She walk'd alone in the mingled throng,
But there were none to greet her;
The merry dance and the evening song
To her were one day sweeter.
She was dress'd in the pride of fashion's glare,
And diamonds round her glitter'd;
But beneath them lay a soul of care,
By distant thoughts embitter'd.
I saw her smile as her gallant pass'd,—
'Twas the smile of the broken-hearted;
I watch'd her eye as she turn'd away,—
The tear to that eye had started.
For she thought of the times when she led the dance,
A stranger to sin and sorrow:
She thought of the times when the joys of to-day
But sweeten'd the joys of the morrow.
She thought of the cot and the rustic gown,
And the hearts that once adored her;
She thought of the parents that bless'd their child,
Ere vice and falsehood sold her.
For Mary was once the pride of the plain,
The happiest fair of the fair:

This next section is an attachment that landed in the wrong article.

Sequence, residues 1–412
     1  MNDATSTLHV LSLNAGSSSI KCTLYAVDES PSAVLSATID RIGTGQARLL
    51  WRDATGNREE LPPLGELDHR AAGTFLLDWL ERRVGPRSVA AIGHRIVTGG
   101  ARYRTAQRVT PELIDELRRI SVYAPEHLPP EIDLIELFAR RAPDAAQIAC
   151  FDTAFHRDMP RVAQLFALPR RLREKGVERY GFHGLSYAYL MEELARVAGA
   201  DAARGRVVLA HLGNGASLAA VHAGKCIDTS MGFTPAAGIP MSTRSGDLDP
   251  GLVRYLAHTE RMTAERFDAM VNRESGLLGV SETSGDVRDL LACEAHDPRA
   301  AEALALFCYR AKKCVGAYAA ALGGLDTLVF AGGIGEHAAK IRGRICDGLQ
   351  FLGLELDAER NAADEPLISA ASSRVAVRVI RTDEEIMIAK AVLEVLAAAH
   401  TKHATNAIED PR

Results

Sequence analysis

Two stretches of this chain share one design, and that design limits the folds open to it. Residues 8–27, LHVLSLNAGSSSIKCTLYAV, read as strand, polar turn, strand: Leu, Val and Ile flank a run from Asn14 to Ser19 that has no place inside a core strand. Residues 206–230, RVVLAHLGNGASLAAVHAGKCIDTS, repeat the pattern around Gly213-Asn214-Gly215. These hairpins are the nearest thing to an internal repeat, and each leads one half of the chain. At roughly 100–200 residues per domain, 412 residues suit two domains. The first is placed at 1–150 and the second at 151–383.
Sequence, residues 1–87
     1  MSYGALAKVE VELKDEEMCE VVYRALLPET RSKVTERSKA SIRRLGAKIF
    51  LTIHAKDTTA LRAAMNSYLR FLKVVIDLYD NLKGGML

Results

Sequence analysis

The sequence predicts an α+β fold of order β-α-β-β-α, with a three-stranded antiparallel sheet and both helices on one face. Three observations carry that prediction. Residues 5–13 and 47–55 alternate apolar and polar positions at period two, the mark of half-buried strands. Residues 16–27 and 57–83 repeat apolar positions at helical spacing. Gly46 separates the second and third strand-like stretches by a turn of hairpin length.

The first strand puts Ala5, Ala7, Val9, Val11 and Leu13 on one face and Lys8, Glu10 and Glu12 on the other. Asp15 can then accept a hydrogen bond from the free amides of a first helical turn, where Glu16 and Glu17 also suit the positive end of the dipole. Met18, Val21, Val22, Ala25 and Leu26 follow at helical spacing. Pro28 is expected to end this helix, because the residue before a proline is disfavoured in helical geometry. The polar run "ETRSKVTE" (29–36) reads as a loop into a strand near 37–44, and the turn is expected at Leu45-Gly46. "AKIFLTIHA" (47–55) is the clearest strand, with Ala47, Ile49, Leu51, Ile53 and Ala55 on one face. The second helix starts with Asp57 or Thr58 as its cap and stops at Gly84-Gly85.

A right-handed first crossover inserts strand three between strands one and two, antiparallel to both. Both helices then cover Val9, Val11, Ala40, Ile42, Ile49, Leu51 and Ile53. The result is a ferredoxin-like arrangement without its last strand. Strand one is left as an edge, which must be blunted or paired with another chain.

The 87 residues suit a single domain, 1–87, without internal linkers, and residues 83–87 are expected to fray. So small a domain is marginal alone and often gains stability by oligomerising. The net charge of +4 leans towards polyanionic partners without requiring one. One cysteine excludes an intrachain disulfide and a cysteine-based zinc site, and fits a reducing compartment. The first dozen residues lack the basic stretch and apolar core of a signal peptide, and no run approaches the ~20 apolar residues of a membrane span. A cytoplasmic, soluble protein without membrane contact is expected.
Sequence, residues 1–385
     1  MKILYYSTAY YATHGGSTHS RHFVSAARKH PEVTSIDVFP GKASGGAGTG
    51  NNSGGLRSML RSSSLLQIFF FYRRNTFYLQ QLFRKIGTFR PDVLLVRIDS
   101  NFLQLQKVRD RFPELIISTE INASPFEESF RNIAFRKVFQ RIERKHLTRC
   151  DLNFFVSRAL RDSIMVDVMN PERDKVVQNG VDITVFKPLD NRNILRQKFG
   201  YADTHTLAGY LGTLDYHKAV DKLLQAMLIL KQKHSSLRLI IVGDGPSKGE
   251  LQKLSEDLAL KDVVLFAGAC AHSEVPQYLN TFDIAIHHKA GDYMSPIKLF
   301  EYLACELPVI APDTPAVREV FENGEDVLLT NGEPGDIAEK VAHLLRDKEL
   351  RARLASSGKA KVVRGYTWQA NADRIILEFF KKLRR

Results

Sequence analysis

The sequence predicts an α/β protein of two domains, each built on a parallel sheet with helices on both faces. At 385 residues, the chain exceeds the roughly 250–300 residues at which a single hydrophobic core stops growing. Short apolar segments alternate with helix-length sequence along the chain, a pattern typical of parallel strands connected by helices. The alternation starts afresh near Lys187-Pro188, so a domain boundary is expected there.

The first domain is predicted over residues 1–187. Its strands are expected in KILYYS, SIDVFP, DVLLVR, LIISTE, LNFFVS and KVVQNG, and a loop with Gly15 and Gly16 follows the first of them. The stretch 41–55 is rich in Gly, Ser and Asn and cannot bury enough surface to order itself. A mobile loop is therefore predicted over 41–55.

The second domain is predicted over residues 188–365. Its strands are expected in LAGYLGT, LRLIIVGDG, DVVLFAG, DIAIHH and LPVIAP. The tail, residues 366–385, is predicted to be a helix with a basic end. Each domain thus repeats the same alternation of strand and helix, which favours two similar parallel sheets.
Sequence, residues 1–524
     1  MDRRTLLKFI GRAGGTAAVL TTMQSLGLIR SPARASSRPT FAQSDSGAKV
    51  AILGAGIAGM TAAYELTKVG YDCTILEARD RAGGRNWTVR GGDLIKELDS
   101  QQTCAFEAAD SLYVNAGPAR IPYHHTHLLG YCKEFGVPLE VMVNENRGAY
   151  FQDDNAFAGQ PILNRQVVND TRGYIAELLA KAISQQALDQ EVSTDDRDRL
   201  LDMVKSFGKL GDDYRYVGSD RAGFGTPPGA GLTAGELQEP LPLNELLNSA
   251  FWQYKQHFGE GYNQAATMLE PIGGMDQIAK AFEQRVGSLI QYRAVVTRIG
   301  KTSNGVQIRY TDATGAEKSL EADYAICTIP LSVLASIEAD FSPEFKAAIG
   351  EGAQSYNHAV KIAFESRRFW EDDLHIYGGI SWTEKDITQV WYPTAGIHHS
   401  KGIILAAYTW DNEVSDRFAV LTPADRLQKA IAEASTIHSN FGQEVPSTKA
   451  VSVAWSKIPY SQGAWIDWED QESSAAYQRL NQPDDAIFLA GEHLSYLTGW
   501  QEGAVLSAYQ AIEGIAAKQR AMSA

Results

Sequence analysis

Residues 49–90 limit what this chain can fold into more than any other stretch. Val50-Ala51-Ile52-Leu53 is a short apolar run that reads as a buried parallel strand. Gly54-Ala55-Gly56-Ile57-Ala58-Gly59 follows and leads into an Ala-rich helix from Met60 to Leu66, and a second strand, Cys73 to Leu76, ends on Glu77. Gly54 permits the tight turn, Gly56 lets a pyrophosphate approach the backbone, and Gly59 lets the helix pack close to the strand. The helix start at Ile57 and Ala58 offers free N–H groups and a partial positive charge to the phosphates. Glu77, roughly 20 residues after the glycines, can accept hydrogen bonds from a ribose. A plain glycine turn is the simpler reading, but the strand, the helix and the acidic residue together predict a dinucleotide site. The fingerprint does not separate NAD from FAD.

The flute and the cymbal welcomed her then,—
They were silent unless she was there.
But now there are none to hear her woes,
Or join in her tale of sorrow,—
To wipe from her eye the penitent tear,
Or chase away thoughts of the morrow.
Yes, Mary, there's one whose heart beats for thee yet,
Who thinks of her child far away,—
Who blesses thee still, in the stranger land,
Tho' mouldering fast to decay.
She weeps for thee e'en in the midnight hour,
When Care may have lull'd thee to sleep;
She prays for her once adored, still beloved child,—
She prays, but she turns to weep.
She prays to the Power that rules the winds
That He will ne'er forsake her;
She prays the prayer of a parent's grief,
That the God who gave may take her.
Child of sin! to thy parent speed,
For she will yet receive thee;
Her bosom yet will feel thy pangs,
Her cares will yet relieve thee.
For know that Love can only rest
Where Virtue guards the way;
The hand of Vice may prune the plant,—
Its blossoms soon decay.